Waiting years for a space - Eurobodalla families highlight ECEC crisis
The Sector > Economics > Supply & Demand > Waiting years for a space – Eurobodalla families highlight ECEC crisis

Waiting years for a space – Eurobodalla families highlight ECEC crisis

by Freya Lucas

March 28, 2022

Families in Eurobodalla on the South Coast of New South Wales are waiting months, and sometimes years for an early childhood education and care (ECEC) space for their child or children, as local services say they are struggling to recruit and retain staff. 


At a recent children’s services forum held in the community and run by Eurobodalla Council attendees discussed the emerging crisis for ECEC services and children of the shire, with nearly 400 local children on waiting lists, and with almost all ECEC services in the town with staff vacancies. 


Some services within the community have been forced to close their doors with little notice to parents due to COVID-19 restrictions compounding existing staff shortages.


In an article summarising the key findings from the forum Eurobodalla Council’s community development manager Kim Bush acknowledged a number of factors that were at play in the broader ECEC sector such as lower-than-average pay rates for qualified staff, no locally-based training options, a national operating framework placing additional administrative burden on centres, and a distinct lack of health and support services for families in the region.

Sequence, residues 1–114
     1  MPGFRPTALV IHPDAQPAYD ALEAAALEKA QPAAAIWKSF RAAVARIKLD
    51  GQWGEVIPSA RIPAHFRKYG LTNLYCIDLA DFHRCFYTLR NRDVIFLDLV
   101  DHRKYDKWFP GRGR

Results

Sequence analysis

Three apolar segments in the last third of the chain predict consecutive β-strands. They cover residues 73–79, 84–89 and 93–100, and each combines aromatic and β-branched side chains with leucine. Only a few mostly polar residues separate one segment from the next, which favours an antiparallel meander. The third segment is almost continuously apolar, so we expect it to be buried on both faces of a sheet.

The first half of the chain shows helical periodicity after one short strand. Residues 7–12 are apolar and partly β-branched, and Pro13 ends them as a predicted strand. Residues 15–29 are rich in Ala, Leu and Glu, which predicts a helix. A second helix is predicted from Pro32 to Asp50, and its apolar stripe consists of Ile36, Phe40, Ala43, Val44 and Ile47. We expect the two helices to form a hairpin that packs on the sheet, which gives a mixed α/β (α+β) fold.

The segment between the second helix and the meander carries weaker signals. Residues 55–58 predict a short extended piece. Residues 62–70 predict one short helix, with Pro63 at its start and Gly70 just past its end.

Far more than the impacts on families, the far reaching effects of the shortages include impact to educator wellbeing and mental health, children’s development, and hindrance of the local economy, she added. 


Ms Bush expressed concern about the longer term outcomes for children who were unable to access early learning prior to school, and an increase in the number of children in the community presenting with behavioural issues having limited access to allied health support. 


“If you invest in the early years you get a better community outcome long-term – instead we’re continuing a cycle of disadvantage,” she added. 


Representatives from ECEC services, health and non-profit organisations workshopped ideas for a brighter future at the Forum, setting up an action plan which prioritises advocating for government subsidised wages, more collaboration across the sector, and reinstating early childhood courses at the local TAFE.


“We’re calling for more government investment in our most precious assets – our children – and for universal principles so everyone can access early learning,” Ms Bush said.


“We’re at a moment in time when our sector needs leadership. Council will be demanding action and advocating to anyone who will listen.”


A notice of motion was presented at a recent Council meeting in acknowledgement of the significance of the issue, with Deputy Mayor Alison Worthington seeking councillors’ support for the Thrive by Five campaign, an initiative of the Minderoo Foundation calling for national early learning and childcare reform.


The motion seeks to write to Prime Minister Scott Morrison, the Leader of the Opposition Anthony Albanese, the Minister for Education and Youth Alan Tudge, the Shadow Minister for Early Childhood Education and Youth Amanda Rishworth, and to local federal MPs Kristy McBain and Fiona Phillips seeking bipartisan support for the campaign’s objectives.


To read the original coverage of this story please see here

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